While keeping a super clean home may seem like a great way to get your allergies under control, if you’re cleaning your house with a standard vacuum you’re likely kicking all the allergens you’re trying to suction. Only vacuums with HEPA (high-efficiency particulate air) filters catch the super tiny particles that make your nose runny and your eyes itchy. Pick up one of these best HEPA vacuums for allergy sufferers to keep pesky pollen and other agitating debris out of your home and out of your nose.

If your nose is totally clogged…

Pop a decongestant

Completely stuffed up and congested? You may have a sinus infection, common cold, or allergies.

If you think you have a cold, a pseudoephedrine-based product like Sudafed may be a good solution (you don’t need a prescription for it, but you do need to ask a pharmacist for it). If you think allergies or a sinus infection are to blame, an antihistamine/decongestant combination like such as Claritin-D, Allegra-D, or Zyrtec-D can help improve your symptoms (the “D” stands for decongestant).

“A decongestant is a powerful nasal constrictor that crunches down on those blood vessels, effectively decreasing the flow of blood and secretions into the area, which gives the body a chance to decongest,” Dr. Tung explains.

If your symptoms last more than a week, check in with your doctor. You could have an infection that requires prescription medication.

⚠️ Check with your doctor before taking pseudoephedrine ⚠️

Pseudoephedrine can raise blood pressure and cause abnormal heart rhythms. If you have a history of cardiovascular health issues, check with your doctor before taking the medication.

Try a decongestant nasal spray

While Flonase is an allergy relief nasal spray, similar looking products like Afrin or Vicks Sinex (oxymetazoline) are better equipped to treat nasal congestion brought on by the common cold and other causes. But use these products cautiously. While they may clear out your stuffy nose at first, using the medication for more than three days can cause the blood vessels to clamp down, leaving you more congested, Dr. Tung cautions.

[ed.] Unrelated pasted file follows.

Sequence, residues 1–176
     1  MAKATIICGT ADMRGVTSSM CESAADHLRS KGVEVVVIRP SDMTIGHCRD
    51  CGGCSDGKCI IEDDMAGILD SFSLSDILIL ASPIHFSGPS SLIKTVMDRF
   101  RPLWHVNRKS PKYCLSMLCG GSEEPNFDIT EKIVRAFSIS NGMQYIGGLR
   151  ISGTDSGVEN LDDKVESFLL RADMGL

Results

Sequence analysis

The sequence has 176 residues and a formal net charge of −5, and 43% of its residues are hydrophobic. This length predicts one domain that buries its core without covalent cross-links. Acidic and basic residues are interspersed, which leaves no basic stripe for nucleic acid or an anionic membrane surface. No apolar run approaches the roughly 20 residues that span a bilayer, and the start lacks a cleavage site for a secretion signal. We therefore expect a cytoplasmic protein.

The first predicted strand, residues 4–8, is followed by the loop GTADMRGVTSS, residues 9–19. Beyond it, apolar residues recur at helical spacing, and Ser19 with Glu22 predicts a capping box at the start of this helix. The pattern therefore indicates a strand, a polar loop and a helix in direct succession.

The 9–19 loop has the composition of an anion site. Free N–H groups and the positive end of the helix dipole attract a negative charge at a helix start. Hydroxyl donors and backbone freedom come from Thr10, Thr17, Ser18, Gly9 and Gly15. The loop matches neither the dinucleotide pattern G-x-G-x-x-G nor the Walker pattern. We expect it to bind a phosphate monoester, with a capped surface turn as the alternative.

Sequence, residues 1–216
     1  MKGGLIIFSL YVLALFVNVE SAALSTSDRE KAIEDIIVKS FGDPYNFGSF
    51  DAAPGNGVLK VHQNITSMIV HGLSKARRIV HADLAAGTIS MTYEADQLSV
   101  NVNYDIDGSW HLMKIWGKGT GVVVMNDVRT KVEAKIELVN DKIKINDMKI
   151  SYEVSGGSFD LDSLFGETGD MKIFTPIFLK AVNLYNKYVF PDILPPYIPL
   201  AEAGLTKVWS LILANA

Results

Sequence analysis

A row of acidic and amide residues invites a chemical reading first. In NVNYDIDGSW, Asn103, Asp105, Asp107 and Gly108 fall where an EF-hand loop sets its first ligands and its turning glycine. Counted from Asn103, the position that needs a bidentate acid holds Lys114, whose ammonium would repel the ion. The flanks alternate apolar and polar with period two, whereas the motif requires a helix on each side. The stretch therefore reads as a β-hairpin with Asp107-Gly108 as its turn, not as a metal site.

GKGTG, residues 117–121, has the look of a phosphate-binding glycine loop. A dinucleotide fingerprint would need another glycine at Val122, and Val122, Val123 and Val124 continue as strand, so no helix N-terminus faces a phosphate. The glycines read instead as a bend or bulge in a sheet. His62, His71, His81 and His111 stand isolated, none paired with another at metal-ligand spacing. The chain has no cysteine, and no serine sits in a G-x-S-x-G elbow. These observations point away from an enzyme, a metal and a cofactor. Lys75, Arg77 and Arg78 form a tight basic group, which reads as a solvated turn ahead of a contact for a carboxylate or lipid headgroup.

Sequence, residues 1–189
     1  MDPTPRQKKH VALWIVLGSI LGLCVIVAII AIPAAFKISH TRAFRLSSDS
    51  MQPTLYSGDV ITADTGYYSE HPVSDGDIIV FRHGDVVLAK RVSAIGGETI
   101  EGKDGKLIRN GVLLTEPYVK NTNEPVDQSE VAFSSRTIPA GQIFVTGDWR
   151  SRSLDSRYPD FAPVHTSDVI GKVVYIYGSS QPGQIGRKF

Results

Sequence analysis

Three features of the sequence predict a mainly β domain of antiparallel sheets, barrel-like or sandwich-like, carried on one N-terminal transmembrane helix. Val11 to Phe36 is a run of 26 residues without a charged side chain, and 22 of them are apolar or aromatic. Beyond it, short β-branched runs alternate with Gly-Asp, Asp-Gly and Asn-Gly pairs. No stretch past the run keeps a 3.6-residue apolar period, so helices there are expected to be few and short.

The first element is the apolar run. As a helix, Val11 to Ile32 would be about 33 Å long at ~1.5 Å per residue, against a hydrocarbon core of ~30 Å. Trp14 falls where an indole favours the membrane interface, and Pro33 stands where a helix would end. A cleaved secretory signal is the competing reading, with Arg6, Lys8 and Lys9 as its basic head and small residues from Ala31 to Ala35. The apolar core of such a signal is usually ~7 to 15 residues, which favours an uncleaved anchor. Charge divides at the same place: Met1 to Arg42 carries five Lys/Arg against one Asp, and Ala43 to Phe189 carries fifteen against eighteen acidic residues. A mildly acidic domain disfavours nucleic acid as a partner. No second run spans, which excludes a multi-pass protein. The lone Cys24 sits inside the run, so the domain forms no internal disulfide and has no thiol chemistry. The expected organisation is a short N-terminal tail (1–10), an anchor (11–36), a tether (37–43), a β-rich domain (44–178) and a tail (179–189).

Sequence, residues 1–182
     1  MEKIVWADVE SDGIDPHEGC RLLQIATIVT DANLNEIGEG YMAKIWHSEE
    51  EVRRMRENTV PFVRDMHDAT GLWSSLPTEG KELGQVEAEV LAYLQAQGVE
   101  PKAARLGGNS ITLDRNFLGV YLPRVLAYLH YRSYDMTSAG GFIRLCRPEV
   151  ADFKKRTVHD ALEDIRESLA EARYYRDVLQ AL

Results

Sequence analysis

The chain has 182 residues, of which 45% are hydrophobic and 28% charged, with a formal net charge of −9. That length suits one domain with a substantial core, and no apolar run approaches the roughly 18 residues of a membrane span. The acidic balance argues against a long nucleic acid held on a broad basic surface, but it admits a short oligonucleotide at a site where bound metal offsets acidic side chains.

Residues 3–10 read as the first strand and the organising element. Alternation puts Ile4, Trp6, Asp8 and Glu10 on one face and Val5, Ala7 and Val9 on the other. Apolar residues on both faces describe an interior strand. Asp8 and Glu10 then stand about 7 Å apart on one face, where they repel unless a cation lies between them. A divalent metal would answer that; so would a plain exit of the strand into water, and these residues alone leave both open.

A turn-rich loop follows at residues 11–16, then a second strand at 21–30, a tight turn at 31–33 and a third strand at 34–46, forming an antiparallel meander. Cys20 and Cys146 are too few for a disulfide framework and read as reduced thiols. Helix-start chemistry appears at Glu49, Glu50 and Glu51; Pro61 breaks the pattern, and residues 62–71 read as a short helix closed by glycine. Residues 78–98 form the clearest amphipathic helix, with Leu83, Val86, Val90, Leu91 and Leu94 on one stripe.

Get steamy

Be it ever so humble, a hot shower can work wonders on a clogged nose. For best results, Follow Dr. Tung’s step-by-step instructions:

  1. Turn the shower on blazing hot, and let the water run until the bathroom stall is full of fog and steam.
  2. Lower the temperature—so you won’t get scalded—and get in the shower for 15 to 20 minutes.
  3. Keep your face below the showerhead so you can breathe in the steam, which will loosen up the mucus.
  4. Toward the end of your shower, hack, spit, sneeze, and cough to get all the mucus and phlegm out of your system.

“Usually you’ll feel almost back to normal for a couple of hours ,” Dr. Tung says. It’s not a permanent solution—the mucus will build up again—but for a precious period, you’ll be able to breathe clear, and step away from the tissues.

Can’t take a steamy hot shower every few hours? Apply a washcloth over your face or run a humidifier (like one of these top-rated picks) or vaporizer can help get the mucus out.

Madeleine Burry Madeleine Burry is the former associate managing editor for, and is currently a freelance writer, editor, and content strategist, with work appearing in Women’s Health,, and other online publications.

In the past, whenever I’ve come down with a cold, I’ve usually reached for one of those all-in-one cold drugs or a decongestant and some Tylenol.

But Jennifer Ackerman, author of a new book on the common cold called Ah-Choo!: The Uncommon Life of Your Common Cold, argues that’s not the way to go at all.

In an interview with NPR’s Fresh Air, Ackerman said that, after all the research she did for her book, her treatment of choice for the common cold is now ibuprofen (Advil, Motrin) and a “first-generation”, sedating allergy drug like Benadryl or Chlor-Tripolon.